US farmers just can’t seem to grow enough soybeans to satisfy China.
For the third year in a row, US production is expected to set a record, the best such string since 1979. Yet, with output dropping elsewhere, a flurry of demand from China and other importers is eating away at stockpiles. The result: For the first time in three years, domestic inventories are poised to drop below the previous season, according to analysts surveyed by Bloomberg.
Soybeans are used to make everything from animal feed to cooking oil, soy sauce and tofu. Since 2005, China’s imports of the commodity have more than tripled, and it now buys more than 60 per cent of the world’s exports. The demand is primarily driven by its livestock sector as a growing middle class consumes more meat.
As contrary weather hindered crops in Latin America, US soybeans have secured seven weeks of record export sales since May. To maintain “adequate supplies” domestically, US fields need to beat last year’s record yield of 48 bushels per acre, according to Daniel Basse, president of AgResource Co., a Chicago-based industry researcher.
“We can use everything we produce,” Basse said by telephone. “It’s a big crop, but the big demand story is coming on now. The US will be the main source for soybeans from now through Valentine’s Day because of crop problems in Brazil from hot, dry weather and flooding in Argentina.”
Brazil is forecast to be the world’s leading soybean exporter in the current season, shipping 57.2 million tonnes, ahead of the US’s 48.9 million, the USDA said last month. Argentina is the biggest shipper of soybean meal and oil.
Planting progress for the US crop in May was faster than the prior five-year average, allowing the plants to take advantage of June’s sunny weather. Rain in early July then boosted soil moisture, raising crop ratings to the highest since 2004. The forecast for more rain in August is key for the plants to reach full yield potential as plant pods fill up with beans, said Troy Deutmeyer, an agronomist with Dupont Co.’s Pioneer seed unit in Dyersville, Iowa.
In Illinois, the biggest grower after Iowa, the crop is very good, relatively disease-free and “eye-appealing,” according to Matthew Brandt, the regional agronomy lead for St. Louis-based Monsanto Co. Soybean plants are larger than normal, which can limit yield potential because plants used more energy to grow before making pods and filling them with beans, Brandt said in an interview.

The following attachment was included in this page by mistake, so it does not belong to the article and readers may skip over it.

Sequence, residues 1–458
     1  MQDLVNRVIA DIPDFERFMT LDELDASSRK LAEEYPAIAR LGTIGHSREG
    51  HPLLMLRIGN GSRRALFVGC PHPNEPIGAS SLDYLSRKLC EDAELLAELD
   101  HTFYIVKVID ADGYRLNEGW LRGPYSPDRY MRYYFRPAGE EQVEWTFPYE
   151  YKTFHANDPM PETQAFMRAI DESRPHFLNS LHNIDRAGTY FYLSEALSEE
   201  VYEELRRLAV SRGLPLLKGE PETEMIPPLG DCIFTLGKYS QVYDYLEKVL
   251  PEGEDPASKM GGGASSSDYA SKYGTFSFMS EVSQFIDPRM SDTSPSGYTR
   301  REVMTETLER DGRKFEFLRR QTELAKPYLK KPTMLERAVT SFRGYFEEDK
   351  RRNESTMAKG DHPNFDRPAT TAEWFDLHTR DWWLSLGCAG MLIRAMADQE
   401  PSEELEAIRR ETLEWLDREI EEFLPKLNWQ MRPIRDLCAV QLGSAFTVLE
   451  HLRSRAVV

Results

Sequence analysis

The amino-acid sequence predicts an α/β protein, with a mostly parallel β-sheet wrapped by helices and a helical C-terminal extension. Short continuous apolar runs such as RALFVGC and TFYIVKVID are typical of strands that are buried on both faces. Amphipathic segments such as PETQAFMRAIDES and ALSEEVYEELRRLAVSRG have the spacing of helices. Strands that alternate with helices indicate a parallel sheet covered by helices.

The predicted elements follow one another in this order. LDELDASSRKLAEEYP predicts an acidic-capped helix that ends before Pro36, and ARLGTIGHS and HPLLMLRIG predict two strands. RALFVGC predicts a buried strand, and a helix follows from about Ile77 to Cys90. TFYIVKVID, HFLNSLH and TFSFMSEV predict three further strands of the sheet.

On Friday, the USDA will update its monthly crop forecasts in this year’s first corn and soybean estimates, based on farmer surveys and field measurements in 11 states from Arkansas to South Dakota.
Domestic farmers in the US are poised to collect 3.948 billion bushels of the oilseed this season, the most ever and higher than the government’s July forecast, according to a Bloomberg survey of 33 analysts and firms. Inventories next year are seen falling to 321 million bushels from 324 million for the season that ends on August 31, a Bloomberg survey showed.
For 10 consecutive days ending on August 9, US exporters sold a total of 3.17 million tonnes (116 million bushels) to China and unknown buyers, mostly for delivery after September 1, according to USDA data. Spot shipments have also been strong, with the USDA inspecting 972,001 tonnes in the week ended August 4, a record for the time of year. In the week ended August 4, sales for delivery after September 1 more than doubled to 2.79 million tonnes from the prior week, the government said Thursday in a report.
With a few more strong weeks, US shipments in the year that ends August 31 may breach the July USDA forecast of 1.795 billion bushels, reaching as high as 1.88 billion bushels, according to AgResources’ Basse.
The gains come amid a slump in South American sales.
Brazil’s exports peaked in April, earlier than usual, and dropped to a three-year low in July of 5.8 million tonnes, according to trade ministry data. The country’s government crop forecasting agency has lowered its production outlook to 95.4 million tonnes, down 0.8 per cent from the prior year. Louis Dreyfus Co. this week said it will halt soybean crushing at two plants in Brazil because of “current supply and demand conditions.”
A measure of global soybean stockpiles relative to consumption is poised to fall to 20 per cent in the 2016-17 season, the lowest in five years and a second straight decline, according to USDA estimates made in July.
“If I’m reliant on importing soybeans then, while I might be happy or relatively contented with the size of the US crop, my attention rightly switches to what’s going to happen in South America for the next crop,” said Fiona Boal, director of commodity research at Fulcrum Asset Management in London. “There’s just no wiggle room with the global soybean balance sheet.”